7 Unusual Colorado Driving Laws You May Not Know

traffic light on green against blue sky

Certain traffic laws go without saying: stopping at a red light, yielding to pedestrians, wearing your seatbelt. Other laws may not be as well-known, however, and are frequently violated by drivers as a result. As strange as some of these rules may sound, they are still law in the state of Colorado. You can be held liable and even face jail time if you are found disobeying any of these laws, especially if an accident occurs as a result. Here are the top unusual Colorado driving laws that you may not know. 

Lesser Known Traffic Rules in Colorado

1. You Cannot Buy or Sell a Vehicle on a Sunday

This is not technically a traffic law, but it is still a lesser known rule pertaining to motor vehicles. Colorado has had a “blue law” in effect since the 1950s that bans the sale and trade of automobiles (new and used) on Sundays. A blue law is typically enacted for the purpose of ensuring at least one day per week for rest or religious worship. 

Colorado’s blue law does not extend to businesses selling car parts and accessories or to businesses servicing vehicles, such as gas stations or auto repair shops. 

2. You Must Use the Three Second Rule

Tailgating is certainly annoying, but did you know that it is also considered a Class A traffic violation in Colorado? Drivers are required to maintain at least three seconds of distance between themselves and the back of another vehicle at all times, except in the case of a funeral procession.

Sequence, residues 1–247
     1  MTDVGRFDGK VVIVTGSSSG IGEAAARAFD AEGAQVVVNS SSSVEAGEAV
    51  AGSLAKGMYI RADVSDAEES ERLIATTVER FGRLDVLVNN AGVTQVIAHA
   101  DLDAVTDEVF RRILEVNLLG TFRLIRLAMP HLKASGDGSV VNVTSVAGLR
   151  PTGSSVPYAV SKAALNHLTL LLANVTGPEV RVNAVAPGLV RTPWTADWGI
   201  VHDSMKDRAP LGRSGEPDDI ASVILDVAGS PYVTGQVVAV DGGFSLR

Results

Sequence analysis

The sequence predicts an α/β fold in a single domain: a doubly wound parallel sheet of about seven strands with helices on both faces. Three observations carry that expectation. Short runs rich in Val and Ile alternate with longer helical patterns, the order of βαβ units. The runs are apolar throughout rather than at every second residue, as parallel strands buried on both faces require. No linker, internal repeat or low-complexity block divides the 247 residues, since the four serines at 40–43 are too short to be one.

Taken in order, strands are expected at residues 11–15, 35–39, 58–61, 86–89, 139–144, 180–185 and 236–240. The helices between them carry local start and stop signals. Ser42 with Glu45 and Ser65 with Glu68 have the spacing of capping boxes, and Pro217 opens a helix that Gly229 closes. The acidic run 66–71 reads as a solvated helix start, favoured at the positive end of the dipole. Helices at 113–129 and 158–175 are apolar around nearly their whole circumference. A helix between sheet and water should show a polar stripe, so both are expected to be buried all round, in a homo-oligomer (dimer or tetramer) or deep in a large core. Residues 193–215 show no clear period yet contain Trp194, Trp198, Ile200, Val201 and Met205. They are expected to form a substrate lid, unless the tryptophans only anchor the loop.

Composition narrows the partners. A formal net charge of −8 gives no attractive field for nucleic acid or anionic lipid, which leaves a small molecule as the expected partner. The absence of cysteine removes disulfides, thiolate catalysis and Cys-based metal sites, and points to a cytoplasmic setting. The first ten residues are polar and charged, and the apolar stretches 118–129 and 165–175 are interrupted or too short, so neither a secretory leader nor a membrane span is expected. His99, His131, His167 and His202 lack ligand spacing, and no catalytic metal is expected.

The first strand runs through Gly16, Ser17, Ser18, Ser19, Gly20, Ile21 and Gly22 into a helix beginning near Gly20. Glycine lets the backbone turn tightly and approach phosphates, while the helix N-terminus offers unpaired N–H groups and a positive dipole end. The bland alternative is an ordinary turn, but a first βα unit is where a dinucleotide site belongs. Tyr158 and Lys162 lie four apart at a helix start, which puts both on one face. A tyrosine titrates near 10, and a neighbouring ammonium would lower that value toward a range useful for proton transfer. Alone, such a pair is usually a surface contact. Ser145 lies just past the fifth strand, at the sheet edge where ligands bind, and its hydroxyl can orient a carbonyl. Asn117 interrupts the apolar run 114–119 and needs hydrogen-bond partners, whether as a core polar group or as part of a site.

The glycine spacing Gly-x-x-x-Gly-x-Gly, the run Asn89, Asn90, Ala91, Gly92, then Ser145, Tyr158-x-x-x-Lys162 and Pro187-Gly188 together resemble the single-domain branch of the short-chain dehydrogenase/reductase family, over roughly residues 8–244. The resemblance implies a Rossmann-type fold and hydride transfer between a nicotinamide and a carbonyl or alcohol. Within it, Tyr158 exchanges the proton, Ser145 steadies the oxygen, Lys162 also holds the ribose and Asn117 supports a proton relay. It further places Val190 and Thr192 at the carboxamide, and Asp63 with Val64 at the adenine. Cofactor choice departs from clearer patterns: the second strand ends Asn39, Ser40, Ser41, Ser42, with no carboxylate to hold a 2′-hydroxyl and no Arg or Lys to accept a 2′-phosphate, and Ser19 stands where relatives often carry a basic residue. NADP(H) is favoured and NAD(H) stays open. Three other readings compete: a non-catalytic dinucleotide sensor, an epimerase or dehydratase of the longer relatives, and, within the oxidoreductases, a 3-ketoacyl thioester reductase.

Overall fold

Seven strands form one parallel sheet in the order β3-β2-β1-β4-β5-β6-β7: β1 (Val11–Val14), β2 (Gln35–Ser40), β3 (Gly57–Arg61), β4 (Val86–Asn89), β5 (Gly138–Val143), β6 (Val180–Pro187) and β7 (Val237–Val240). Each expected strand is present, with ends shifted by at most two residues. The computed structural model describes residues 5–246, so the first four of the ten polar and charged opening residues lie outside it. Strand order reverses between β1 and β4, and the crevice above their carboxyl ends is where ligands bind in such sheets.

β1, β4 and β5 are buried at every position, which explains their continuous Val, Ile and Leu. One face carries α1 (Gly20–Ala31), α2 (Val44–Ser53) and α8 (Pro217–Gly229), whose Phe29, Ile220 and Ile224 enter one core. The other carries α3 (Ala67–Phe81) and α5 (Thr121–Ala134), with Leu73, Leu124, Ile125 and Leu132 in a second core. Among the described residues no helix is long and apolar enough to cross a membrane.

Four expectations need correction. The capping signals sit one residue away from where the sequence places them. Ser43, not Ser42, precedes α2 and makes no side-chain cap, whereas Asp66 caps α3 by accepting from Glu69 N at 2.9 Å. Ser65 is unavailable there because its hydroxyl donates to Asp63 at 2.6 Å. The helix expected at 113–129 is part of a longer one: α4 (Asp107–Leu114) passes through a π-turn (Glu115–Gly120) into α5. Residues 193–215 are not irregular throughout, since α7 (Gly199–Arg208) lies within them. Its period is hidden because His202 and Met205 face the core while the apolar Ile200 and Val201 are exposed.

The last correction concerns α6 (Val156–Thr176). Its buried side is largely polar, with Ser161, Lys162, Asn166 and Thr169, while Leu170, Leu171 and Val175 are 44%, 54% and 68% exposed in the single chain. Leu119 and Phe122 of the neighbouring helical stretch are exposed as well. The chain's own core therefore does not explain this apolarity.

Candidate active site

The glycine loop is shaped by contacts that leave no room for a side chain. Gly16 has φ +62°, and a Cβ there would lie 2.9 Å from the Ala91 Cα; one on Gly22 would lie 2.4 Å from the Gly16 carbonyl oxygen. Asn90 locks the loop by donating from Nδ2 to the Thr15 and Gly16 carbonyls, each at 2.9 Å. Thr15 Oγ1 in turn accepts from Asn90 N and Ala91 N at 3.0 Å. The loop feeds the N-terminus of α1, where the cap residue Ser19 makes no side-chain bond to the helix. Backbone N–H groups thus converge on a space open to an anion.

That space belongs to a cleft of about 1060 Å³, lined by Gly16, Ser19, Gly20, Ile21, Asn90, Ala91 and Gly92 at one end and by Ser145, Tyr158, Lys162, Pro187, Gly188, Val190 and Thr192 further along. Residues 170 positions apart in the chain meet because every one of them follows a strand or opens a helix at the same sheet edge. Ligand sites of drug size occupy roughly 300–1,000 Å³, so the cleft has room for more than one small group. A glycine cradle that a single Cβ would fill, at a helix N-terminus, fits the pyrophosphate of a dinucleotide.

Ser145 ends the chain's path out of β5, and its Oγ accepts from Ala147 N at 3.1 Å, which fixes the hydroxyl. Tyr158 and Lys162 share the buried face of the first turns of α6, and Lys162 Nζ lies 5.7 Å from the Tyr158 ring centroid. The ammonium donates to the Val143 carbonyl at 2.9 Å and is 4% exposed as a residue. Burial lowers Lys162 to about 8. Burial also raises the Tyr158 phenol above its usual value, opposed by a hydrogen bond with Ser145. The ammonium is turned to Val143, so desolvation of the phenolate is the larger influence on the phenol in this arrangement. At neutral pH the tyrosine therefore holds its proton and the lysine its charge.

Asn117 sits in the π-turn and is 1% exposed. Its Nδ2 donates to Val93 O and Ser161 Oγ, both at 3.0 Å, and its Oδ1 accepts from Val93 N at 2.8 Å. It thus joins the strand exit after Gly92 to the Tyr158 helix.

3. You May Not Drive in the Left Lane

While many drivers assume they can remain in the left lane indefinitely (so long as they are driving the speed-limit), this is actually not the case. In places where the speed limit is 65 mph or higher (the highway), you are only allowed to be in the left lane to pass another vehicle. Exceptions to the rule include situations where it is unsafe or not feasible to merge into the right lane, or when a vehicle needs to make a left turn. 

4. You Must Adhere to Stop Lines

The big white bands at an intersection exist to provide the exact, safe space to come to a stop. Drivers frequently stop well over or behind these lines, winding up right in the crosswalk at times. This is, technically, against the law in Colorado. Unless directed to do so by a police officer, vehicles must stop at the designated lines in order to be compliant. 

5. Minors Cannot Use Cell Phones

Using a mobile device is risky while driving at any age. However, statistics have shown that drivers under the age of 18 are more likely to be injured in an accident related to distracted driving, such as texting. For this reason, Colorado law prohibits cell phone use by minors operating a motor vehicle. 

6. You Must Leave a Note If You Damage a Car

If you cause damage to a vehicle in Colorado and the owner of that vehicle is not present, you are required by law to file a police report AND leave a note with your contact and insurance information. According to statute CRS 42-4-1606, failure to do both of these can result in a class 2 misdemeanor. 

7. You Can Drive Through a Yellow Light

Some states do not permit you to drive through a yellow light. However, Colorado law allows drivers to continue driving through the intersection even if the light has turned yellow. Should the light turn red before you have made it through the intersection, however, you can still receive a traffic violation for running a red light. 

Colorado Car Accident Attorney

Knowing traffic laws, common and uncommon, can help you stay safe on the road. However, accidents can and do happen. If you or a loved one has been in a car accident, regardless of fault, it is a good idea to consult with a qualified car accident attorney.

From filing a claim to negotiating in the courtroom, Dave Roth has helped hundreds of clients obtain fair settlements. Let a highly experienced attorney navigate your claim while you focus on recovery and your family. Contact The Roth Group today to schedule a free consultation.